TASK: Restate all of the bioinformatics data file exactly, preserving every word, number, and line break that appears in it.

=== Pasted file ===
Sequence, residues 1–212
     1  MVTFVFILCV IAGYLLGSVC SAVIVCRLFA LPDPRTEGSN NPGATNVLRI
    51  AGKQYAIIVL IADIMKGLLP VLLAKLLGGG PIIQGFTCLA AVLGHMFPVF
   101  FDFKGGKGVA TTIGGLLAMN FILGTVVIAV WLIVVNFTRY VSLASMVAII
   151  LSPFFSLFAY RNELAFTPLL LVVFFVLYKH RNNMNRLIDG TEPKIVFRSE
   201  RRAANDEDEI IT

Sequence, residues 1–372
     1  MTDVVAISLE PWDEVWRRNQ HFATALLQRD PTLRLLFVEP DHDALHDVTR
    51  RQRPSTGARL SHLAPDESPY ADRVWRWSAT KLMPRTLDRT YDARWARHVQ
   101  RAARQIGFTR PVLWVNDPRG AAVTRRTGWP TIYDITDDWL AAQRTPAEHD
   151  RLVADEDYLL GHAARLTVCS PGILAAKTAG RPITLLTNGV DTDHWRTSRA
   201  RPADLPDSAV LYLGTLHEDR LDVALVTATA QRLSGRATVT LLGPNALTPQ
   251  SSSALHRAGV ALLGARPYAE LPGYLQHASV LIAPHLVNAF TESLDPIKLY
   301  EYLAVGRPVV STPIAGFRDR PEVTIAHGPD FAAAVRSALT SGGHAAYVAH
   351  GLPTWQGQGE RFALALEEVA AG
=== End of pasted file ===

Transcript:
Sequence, residues 1–212
     1  MVTFVFILCV IAGYLLGSVC SAVIVCRLFA LPDPRTEGSN NPGATNVLRI
    51  AGKQYAIIVL IADIMKGLLP VLLAKLLGGG PIIQGFTCLA AVLGHMFPVF
   101  FDFKGGKGVA TTIGGLLAMN FILGTVVIAV WLIVVNFTRY VSLASMVAII
   151  LSPFFSLFAY RNELAFTPLL LVVFFVLYKH RNNMNRLIDG TEPKIVFRSE
   201  RRAANDEDEI IT

Sequence, residues 1–372
     1  MTDVVAISLE PWDEVWRRNQ HFATALLQRD PTLRLLFVEP DHDALHDVTR
    51  RQRPSTGARL SHLAPDESPY ADRVWRWSAT KLMPRTLDRT YDARWARHVQ
   101  RAARQIGFTR PVLWVNDPRG AAVTRRTGWP TIYDITDDWL AAQRTPAEHD
   151  RLVADEDYLL GHAARLTVCS PGILAAKTAG RPITLLTNGV DTDHWRTSRA
   201  RPADLPDSAV LYLGTLHEDR LDVALVTATA QRLSGRATVT LLGPNALTPQ
   251  SSSALHRAGV ALLGARPYAE LPGYLQHASV LIAPHLVNAF TESLDPIKLY
   301  EYLAVGRPVV STPIAGFRDR PEVTIAHGPD FAAAVRSALT SGGHAAYVAH
   351  GLPTWQGQGE RFALALEEVA AG